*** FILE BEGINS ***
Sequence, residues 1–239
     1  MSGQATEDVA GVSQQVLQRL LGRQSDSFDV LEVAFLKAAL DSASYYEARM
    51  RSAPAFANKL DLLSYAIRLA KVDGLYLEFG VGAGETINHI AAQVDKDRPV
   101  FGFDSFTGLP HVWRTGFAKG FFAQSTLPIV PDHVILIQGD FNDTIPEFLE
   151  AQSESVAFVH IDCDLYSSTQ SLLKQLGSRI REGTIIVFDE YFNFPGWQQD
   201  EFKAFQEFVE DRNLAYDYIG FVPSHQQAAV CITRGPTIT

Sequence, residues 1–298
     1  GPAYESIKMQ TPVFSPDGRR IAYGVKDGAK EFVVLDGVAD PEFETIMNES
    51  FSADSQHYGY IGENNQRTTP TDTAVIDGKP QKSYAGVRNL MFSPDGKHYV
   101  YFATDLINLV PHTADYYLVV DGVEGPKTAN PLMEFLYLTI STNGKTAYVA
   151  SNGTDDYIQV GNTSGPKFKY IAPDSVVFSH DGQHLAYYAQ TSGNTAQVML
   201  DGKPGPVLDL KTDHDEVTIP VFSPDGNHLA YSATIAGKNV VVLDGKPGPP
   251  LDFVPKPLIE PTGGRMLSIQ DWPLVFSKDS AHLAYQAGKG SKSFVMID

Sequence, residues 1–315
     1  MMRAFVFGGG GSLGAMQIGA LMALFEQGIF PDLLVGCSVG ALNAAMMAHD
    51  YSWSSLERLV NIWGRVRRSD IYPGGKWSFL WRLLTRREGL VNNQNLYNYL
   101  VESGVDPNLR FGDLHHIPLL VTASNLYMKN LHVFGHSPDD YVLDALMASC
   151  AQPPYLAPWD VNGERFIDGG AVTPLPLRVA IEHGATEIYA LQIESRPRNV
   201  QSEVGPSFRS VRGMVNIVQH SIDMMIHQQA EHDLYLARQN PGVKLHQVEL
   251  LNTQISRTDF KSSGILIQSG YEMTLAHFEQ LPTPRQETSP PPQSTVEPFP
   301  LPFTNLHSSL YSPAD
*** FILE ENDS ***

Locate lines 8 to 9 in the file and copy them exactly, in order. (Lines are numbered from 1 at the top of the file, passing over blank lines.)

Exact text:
     1  GPAYESIKMQ TPVFSPDGRR IAYGVKDGAK EFVVLDGVAD PEFETIMNES
    51  FSADSQHYGY IGENNQRTTP TDTAVIDGKP QKSYAGVRNL MFSPDGKHYV